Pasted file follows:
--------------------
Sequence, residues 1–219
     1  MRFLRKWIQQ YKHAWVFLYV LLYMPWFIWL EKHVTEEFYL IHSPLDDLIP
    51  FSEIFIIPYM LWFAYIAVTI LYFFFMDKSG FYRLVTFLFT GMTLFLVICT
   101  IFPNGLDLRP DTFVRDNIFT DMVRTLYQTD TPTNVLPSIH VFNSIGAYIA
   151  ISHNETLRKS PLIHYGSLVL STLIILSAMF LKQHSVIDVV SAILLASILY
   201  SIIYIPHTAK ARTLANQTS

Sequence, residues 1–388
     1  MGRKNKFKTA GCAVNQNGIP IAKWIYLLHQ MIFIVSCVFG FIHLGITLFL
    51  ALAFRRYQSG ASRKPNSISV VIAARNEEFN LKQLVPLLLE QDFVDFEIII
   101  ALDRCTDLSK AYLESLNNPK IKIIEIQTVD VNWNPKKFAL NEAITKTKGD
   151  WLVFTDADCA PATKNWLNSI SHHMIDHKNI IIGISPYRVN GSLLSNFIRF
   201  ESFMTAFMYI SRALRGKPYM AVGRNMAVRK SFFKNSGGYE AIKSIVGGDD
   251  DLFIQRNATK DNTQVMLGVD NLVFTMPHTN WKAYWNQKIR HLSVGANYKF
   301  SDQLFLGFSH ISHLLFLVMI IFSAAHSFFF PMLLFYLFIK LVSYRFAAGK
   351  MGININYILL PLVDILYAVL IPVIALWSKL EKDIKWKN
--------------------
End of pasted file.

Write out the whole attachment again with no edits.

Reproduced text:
Sequence, residues 1–219
     1  MRFLRKWIQQ YKHAWVFLYV LLYMPWFIWL EKHVTEEFYL IHSPLDDLIP
    51  FSEIFIIPYM LWFAYIAVTI LYFFFMDKSG FYRLVTFLFT GMTLFLVICT
   101  IFPNGLDLRP DTFVRDNIFT DMVRTLYQTD TPTNVLPSIH VFNSIGAYIA
   151  ISHNETLRKS PLIHYGSLVL STLIILSAMF LKQHSVIDVV SAILLASILY
   201  SIIYIPHTAK ARTLANQTS

Sequence, residues 1–388
     1  MGRKNKFKTA GCAVNQNGIP IAKWIYLLHQ MIFIVSCVFG FIHLGITLFL
    51  ALAFRRYQSG ASRKPNSISV VIAARNEEFN LKQLVPLLLE QDFVDFEIII
   101  ALDRCTDLSK AYLESLNNPK IKIIEIQTVD VNWNPKKFAL NEAITKTKGD
   151  WLVFTDADCA PATKNWLNSI SHHMIDHKNI IIGISPYRVN GSLLSNFIRF
   201  ESFMTAFMYI SRALRGKPYM AVGRNMAVRK SFFKNSGGYE AIKSIVGGDD
   251  DLFIQRNATK DNTQVMLGVD NLVFTMPHTN WKAYWNQKIR HLSVGANYKF
   301  SDQLFLGFSH ISHLLFLVMI IFSAAHSFFF PMLLFYLFIK LVSYRFAAGK
   351  MGININYILL PLVDILYAVL IPVIALWSKL EKDIKWKN